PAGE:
Dining Services

DINING SERVICES


Dining services across campus provide many meals a day, To meet this demand hundreds of employees work in kitchens, serving areas and the supply chain; these involvements pose exposures to a variety of potential hazards. The obvious of which include wet or slippery floors, knives and other sharp objects, heat and open flames, temperature extremes, and the handling of heavy materials and repetitive motions.

This section provides the dining services staff with information about how to work safely and to reduce the risk of ergonomic injury.

PREVENTIVE MEASURES AND CONTROLS:


Material handling: [Click here for image]

  • Before lifting test the load to determine if it is light enough to lift,
  • Plan your route before lifting and carrying the load,
  • Instead of carrying one heavy load, separate it into smaller, lighter packages and make multiple trips, use a cart or trolley, or ask a co-worker for help,
  • Place or store heavy items at mid-body height to make retrieval easier,
  • Do not lift objects that are slippery, too hot, or unevenly balanced,
  • Make sure you can fit through narrow spaces and that your fingers are out of the way when you set the object down.

Lifting, Lowering and Carrying Loads: [Click here for image]

  • Keep your arms and the load as close to your body as possible
  • Bend with your knees and let your legs and hips do most of the work,
  • Do not arch your back,
  • Use small steps when walking with a heavy load,
  • Do not use fast or jerky movements when lifting, especially when lifting heavy objects.

Pushing and Pulling: [Click here for image]

  • Always use two hands when pushing or pulling, Do not pull with one arm extended behind your body,
  • Ensure that good visibility is possible without awkward motions such as twisting or stretching, If your vision is b locked when pushing a cart from the back, move to the front corner of the cart to push,
  • Keep your upper arms against your rib cage with your elbows in, Keep your hands at or slightly above waist level, Keep your feet shoulder width apart,
  • Bend your knees slightly and move the load by shifting your weight, For example, with one leg in front of the other, bend your knees and move the load by shifting your shifting your weight from your back leg to your front leg.

Food preparation: [Click here for image]

  • Provide knives with various handle sizes for larger and smaller hands, Handles with larger centers and slimmer ends make gripping more comfortable while chopping and cutting,
  • Ergonomic knives with angles handles help keep the wrists in a neutral posture for specific cutting tasks, However, such knives may be impractical for cutting tasks that require irregular movements,
  • Ensure that workers have appropriate knives to choose from and that they use the appropriate knife for the task, The steel in the blade should be easy to sharpen and should be regularly maintained to ensure that cutting takes minimal force and repetition,
  • Meat slicing machines can eliminate the need to manually cut meats, Ensure that machines are placed at the correct height to minimize awkward postures of the wrists and shoulders, Also ensure that workers follow appropriate meat slicing safety procedures, including using guards and proper cleaning techniques,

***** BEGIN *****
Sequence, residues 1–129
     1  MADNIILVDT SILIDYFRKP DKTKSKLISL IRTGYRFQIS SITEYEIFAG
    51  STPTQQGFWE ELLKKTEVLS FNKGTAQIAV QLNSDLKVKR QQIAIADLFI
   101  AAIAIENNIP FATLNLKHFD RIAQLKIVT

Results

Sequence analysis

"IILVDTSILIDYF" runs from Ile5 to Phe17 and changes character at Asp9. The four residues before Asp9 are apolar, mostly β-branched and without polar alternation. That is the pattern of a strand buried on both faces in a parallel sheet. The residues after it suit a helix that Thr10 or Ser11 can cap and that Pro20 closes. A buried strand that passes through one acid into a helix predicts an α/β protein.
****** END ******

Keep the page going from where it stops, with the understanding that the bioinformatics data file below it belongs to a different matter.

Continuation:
Cooking: [Click here for image]

  • Soup kettles with extended handles make it easier to tip the kettle when pouring soup into smaller containers and also help keep the back more upright,
  • Use long handles whisks for two- handed stirring and short-handles whisks for one-handed stirring,
  • Handles with soft rubber-like surfaces and hard inner cores allow an optimal grip if the handle is wet or greasy, Handles with rounded edges and large diameters promote power grips rather than pinch grips,
  • Whenever possible, use oven racks between waist and elbow height to minimize awkward posture.

Cleaning and washing: [Click here for image]

  • Use wheeled carts whenever possible to reduce the need for workers to carry bins loaded with dishes,
  • Bend your knees to reach for low trays, dish racks, or dish bins,
  • When lifting and carrying trays, dish racks, or dish bins, keep them as close to your body as possible,
  • Do not place full dish racks into soak sinks because lifting and lowering racks into the sinks may strain the low back and shoulders,
  • Do not remove items that have any amount of water in them from soak sinks because the water will increase their weight substantially,
  • Lower rinse nozzles to waist level to reduce your reach and use a power grip rather than a pinch grip,
  • When rinsing dishes, spray directly in front of your body to prevent awkward shoulder posture.

General Recommendations: [Click here for image]

  • Use anti-fatigue matting with beveled edges, This will help alleviate some of the stress associated with standing in one position for extended periods,
  • Use footstools or foot rails to shift body weight and reduce stress on the low back and legs of workers who stand for long periods,
  • Rotate workers through as many positions as possible to allow for variations in body use and postures, This will help reduce the strain on any one area of the body.